Journal of Thermodynamics

Journal of Thermodynamics / 2016 / Article

Research Article | Open Access

Volume 2016 |Article ID 1562145 |

Rakesh Hari, Chandrasekharan Muraleedharan, "Analysis of Effect of Heat Pipe Parameters in Minimising the Entropy Generation Rate", Journal of Thermodynamics, vol. 2016, Article ID 1562145, 8 pages, 2016.

Analysis of Effect of Heat Pipe Parameters in Minimising the Entropy Generation Rate

Academic Editor: Pedro Jorge Martins Coelho
Received26 Sep 2015
Revised04 Jan 2016
Accepted05 Jan 2016
Published03 Feb 2016


Heat transfer and fluid flow in the heat pipe system result in thermodynamic irreversibility generating entropy. The minimum entropy generation principle can be used for optimum design of flat heat pipe. The objective of the present work is to minimise the total entropy generation rate as the objective function with different parameters of the flat heat pipe subjected to some constraints. These constraints constitute the limitations on the heat transport capacity of the heat pipe. This physical nonlinear programming problem with nonlinear constraints is solved using LINGO 15.0 software, which enables finding optimum values for the independent design variables for which entropy generation is minimum. The effect of heat load, length, and sink temperature on design variables and corresponding entropy generation is studied. The second law analysis using minimum entropy generation principle is found to be effective in designing performance enhanced heat pipe.

1. Introduction

Over the last few decades, entropy generation minimisation principle [1] has been widely used, especially in thermal systems and engineering application devices since the conventional design methods do not assure the design to be thermodynamically efficient. The extent up to which a given system deviates from an ideal one can be established with the help of entropy generation minimisation principle or thermodynamic optimisation. For thermal systems and their components to work at maximum efficiency condition, irreversibility which is a measure of entropy generation must be minimised. Second law analysis is an effective method for analyzing this generated entropy for the performance improvement of any thermal system. In the present work, a heat transfer device, namely, flat heat pipe, is analysed for which minimum entropy generation is calculated from the heat transfer and fluid flow irreversibility subjected to various constraints.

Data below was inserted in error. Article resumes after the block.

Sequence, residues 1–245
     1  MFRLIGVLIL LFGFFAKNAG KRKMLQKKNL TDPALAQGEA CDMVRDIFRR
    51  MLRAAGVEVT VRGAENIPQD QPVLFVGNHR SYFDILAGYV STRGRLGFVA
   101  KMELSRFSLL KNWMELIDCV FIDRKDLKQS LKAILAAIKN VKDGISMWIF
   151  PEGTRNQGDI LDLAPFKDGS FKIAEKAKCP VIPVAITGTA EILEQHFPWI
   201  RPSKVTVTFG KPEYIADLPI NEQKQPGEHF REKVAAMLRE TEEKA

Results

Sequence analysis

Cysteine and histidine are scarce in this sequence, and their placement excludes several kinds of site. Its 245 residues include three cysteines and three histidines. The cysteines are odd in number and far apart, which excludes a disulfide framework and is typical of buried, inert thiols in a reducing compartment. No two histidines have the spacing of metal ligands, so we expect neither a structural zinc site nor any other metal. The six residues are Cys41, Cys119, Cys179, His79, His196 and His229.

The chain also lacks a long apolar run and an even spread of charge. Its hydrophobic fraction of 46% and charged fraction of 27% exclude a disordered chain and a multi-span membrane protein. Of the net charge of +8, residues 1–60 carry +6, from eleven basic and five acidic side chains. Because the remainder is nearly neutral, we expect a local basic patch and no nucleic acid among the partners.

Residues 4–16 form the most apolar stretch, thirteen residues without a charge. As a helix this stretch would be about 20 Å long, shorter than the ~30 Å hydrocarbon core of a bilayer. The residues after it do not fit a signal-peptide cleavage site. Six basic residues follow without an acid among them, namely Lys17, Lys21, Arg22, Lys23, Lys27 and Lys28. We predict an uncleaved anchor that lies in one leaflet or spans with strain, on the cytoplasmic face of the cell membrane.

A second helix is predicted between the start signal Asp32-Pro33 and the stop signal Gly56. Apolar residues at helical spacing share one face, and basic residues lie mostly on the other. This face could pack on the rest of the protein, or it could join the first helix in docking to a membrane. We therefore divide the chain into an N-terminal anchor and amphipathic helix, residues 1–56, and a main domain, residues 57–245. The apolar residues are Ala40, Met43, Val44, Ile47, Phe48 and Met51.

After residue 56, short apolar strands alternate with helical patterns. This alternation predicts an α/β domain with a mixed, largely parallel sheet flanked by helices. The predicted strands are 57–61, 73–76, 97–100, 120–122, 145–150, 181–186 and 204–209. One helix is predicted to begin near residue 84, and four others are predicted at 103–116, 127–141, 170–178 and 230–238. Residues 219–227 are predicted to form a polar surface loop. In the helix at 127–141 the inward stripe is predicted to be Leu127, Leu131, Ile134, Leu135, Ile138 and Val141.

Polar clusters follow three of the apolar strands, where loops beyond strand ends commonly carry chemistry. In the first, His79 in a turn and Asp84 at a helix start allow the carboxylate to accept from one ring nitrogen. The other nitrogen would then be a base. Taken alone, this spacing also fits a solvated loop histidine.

The heat pipe consists of a sealed container with a lining of porous wick structure adjacent to the wall containing liquid working fluid and a hollow space inside it having vapour medium at the operating conditions [2, 3]. The ability to transport large quantities of heat through a small cross-sectional area over considerable distances with no additional power input makes the heat pipe superior to other conventional methods.

The heat pipe is axially divided into three parts, namely, the evaporator, the condenser, and a transport (adiabatic) section as shown in Figure 1. During the operation of heat pipe, heat applied on the pipe wall of the evaporator section is conducted through the container wall to the wick structure which vaporises the liquid inside the wick. The resulting vapour, due to the pressure difference, moves along the vapour core to the condenser section where it gets condensed releasing the latent heat of vaporisation to the heat sink. The condensed liquid is forced back to the evaporator section due to capillary action of the wick material. Thus heat pipe works continuously transporting latent heat from the evaporator to the condenser as along as sufficient capillary pressure exists in the porous wick structure.